In brownfield projects, companies such as Epsis have to cope with existing facilities and infrastructure. “We have been participating in a large onshore field in the US consisting of roughly 800 wells, and if you have a large amount of equipment already in place, it is very difficult to install state-of-the-art sensors,” says H. W. Larsen. Technology companies have to work within fixed boundaries and under these circumstances, the possibilities to make substantial changes are limited. On the other hand, in greenfield projects, it is possible to create a new operating philosophy starting from square one, bringing in all the ideas to follow a specific path from the beginning. “In brownfields, it is required to be more creative in order to work with existing equipment and facilities, whereas in greenfields, you have the possibility to do things completely differently,” adds H. W. Larsen. The team at Epsis hopes that greenfields will be operated differently and that their systems will be more connected than in brownfields. “It takes courage to change the way we work. Technology will solve nothing if you are not willing to operate differently,” says H. W. Larsen. The CTO and Epsis put strong emphasis on this message for the industry.
However, encouraging a somewhat conservative oil and gas industry to change may prove to be challenging. “Our approach is very similar to other players in the industry: money talks,” says H. W. Larsen. “We encourage companies by explicitly stating the amount of resources they would save or by how much the revenue would increase were they to modify the way they operate,” says the CTO. Epsis focuses on building trust; clients have to be confident that the change will be worth its value and will scale projects up to capture value in the future.
One of the main advantages of Epsis’ services is that the entailed risks are down to the minimum. “Our services may entail a small financial risk rather than an operational one because we are not providing new production equipment or tools that can pose safety hazards,” says H. W. Larsen. He adds that projects today are often stopped not because of risk, but because people often do not attempt to analyze them.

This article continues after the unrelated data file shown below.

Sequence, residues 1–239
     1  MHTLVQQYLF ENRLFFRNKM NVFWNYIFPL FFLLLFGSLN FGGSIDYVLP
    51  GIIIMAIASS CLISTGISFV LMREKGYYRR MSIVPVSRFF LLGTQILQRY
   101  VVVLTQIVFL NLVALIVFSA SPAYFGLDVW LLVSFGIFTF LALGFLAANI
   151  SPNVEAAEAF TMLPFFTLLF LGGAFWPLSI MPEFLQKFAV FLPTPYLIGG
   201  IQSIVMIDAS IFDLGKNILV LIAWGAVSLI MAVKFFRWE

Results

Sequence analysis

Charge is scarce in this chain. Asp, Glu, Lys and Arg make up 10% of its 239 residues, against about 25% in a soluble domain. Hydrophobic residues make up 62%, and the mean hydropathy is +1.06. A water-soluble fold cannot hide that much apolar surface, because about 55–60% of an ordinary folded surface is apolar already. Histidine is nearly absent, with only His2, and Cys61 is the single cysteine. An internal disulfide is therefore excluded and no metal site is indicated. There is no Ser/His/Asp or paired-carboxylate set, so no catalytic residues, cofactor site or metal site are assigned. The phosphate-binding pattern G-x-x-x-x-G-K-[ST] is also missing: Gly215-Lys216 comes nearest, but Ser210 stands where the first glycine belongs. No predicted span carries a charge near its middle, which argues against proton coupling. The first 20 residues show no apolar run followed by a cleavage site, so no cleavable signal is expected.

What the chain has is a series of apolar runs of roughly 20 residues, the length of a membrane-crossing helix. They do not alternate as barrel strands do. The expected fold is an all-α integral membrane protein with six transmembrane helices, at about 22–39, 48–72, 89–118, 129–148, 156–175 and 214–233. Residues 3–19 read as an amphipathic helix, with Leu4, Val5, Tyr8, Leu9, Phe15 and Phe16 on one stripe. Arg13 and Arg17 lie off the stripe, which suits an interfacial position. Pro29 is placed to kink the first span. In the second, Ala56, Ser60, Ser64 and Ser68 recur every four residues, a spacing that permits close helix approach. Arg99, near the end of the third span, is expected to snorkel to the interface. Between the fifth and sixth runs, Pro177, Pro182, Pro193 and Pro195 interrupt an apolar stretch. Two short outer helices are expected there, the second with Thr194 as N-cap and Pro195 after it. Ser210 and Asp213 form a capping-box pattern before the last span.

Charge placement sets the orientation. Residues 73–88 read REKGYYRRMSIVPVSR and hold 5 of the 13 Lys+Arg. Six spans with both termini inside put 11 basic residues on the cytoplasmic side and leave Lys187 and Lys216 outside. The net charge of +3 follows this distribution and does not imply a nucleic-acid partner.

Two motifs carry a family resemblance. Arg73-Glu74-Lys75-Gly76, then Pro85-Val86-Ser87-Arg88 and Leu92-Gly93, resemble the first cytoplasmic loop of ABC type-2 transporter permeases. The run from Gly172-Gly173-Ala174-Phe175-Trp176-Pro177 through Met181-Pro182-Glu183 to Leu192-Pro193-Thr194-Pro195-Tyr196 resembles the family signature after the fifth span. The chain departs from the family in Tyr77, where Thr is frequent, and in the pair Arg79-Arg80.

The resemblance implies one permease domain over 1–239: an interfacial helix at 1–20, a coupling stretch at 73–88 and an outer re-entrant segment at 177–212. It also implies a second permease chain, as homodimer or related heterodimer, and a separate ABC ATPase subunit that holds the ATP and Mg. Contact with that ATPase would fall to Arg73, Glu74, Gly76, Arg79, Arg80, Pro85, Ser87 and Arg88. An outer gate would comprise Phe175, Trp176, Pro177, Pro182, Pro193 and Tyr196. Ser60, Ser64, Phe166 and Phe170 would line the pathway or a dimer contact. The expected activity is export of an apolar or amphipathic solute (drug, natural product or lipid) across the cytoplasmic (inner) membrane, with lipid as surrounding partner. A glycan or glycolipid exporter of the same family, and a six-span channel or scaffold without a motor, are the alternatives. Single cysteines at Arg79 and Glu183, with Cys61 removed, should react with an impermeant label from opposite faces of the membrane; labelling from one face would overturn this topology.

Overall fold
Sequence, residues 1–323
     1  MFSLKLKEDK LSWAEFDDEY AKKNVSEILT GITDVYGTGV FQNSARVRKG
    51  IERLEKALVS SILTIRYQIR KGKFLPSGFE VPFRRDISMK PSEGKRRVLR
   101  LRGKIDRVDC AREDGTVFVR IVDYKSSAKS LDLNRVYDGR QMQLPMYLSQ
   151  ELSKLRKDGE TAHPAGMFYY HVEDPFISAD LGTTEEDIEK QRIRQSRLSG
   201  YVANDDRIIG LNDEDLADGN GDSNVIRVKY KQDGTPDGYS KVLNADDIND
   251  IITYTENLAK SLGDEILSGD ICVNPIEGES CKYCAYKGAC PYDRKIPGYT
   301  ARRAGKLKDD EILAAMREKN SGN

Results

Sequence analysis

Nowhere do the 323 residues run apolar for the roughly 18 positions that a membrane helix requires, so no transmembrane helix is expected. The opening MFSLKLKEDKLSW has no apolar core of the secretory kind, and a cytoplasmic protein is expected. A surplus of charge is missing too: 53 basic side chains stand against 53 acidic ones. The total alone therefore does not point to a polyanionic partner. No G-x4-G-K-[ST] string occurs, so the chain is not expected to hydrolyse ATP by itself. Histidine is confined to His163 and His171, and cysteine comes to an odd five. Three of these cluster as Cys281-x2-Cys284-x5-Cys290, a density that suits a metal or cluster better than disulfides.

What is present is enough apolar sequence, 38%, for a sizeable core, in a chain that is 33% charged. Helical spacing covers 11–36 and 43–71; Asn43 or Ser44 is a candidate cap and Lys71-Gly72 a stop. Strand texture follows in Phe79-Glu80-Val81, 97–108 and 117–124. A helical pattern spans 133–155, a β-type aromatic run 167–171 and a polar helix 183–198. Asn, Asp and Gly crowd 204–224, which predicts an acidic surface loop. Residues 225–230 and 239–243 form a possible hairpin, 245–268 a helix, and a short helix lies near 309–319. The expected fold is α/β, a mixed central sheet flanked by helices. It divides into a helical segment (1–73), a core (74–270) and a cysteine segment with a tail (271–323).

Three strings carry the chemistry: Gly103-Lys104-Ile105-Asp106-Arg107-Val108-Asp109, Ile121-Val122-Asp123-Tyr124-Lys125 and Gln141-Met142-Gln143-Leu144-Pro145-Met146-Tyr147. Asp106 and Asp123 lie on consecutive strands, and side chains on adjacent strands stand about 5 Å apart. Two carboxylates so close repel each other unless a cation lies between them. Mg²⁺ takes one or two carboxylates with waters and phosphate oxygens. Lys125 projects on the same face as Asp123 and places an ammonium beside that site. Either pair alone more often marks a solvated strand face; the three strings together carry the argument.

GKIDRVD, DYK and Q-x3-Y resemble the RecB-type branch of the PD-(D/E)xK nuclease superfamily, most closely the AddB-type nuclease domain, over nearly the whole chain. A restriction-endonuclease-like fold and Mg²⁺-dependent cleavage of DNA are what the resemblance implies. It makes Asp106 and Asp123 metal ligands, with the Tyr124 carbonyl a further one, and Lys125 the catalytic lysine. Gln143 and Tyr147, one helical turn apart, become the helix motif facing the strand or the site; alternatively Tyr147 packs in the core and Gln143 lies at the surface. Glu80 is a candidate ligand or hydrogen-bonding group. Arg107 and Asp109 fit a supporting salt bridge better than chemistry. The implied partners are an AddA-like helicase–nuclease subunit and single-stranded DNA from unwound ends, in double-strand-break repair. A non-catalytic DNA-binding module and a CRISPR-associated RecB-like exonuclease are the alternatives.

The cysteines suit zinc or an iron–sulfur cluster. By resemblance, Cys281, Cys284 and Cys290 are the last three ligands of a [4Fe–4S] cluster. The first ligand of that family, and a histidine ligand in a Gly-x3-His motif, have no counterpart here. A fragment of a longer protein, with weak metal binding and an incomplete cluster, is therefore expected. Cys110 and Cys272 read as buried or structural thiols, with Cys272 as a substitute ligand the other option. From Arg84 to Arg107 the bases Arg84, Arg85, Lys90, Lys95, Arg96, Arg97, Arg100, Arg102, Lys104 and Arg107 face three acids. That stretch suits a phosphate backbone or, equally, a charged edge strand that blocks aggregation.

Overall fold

When new technology is introduced, issues related to the older generation in the company may arise if they are not able to cope with such changes, resulting in losing valuable human capital. “It is necessary to find balance between technology and employees to avoid losing people with deep knowledge of the industry,” emphasizes H. W. Larsen. Knut Kvalheim, the CFO at Epsis, acknowledges the validity of the CTO’s argument and illustrates this situation with an example from the inside of their company. “There are many people in top management that have been in the oil and gas industry for many years and younger generations are evolving alongside the industry,” says K. Kvalheim. “Important changes are happening at Epsis; we try to connect the capabilities of younger generations and the knowledge gathered by the top-management,” he adds.
The fall of oil prices created a better business environment for Epsis to promote its integration services. “Companies have been motivated to work more efficiently in order to cope with the challenges of reduced income and Epsis is able to support them
by integrating operations,” says K. Kvalheim. The company is aware that the oil and gas industry is transforming into a more comprehensive energy sector, but it is not currently involved in the transition. However, H. W. Larsen believes that whenever an oil company migrates to the renewable energy sector, it will retain its operation philosophy. “It will be challenging to operate within the electricity infrastructure proficiently if the companies were not operating efficiently in the oil and gas sector,” says H. W. Larsen.
Nevertheless, any company involved in operations can benefit from Epsis’ solutions regardless of their line of work. “We imagine that we would find similar challenges in the electricity industry, but it may be easier to target companies that have a sole focus on new markets because they are more open to innovative solutions,” concludes H. W. Larsen. In essence, the “dots” need to be connected in order to coordinate the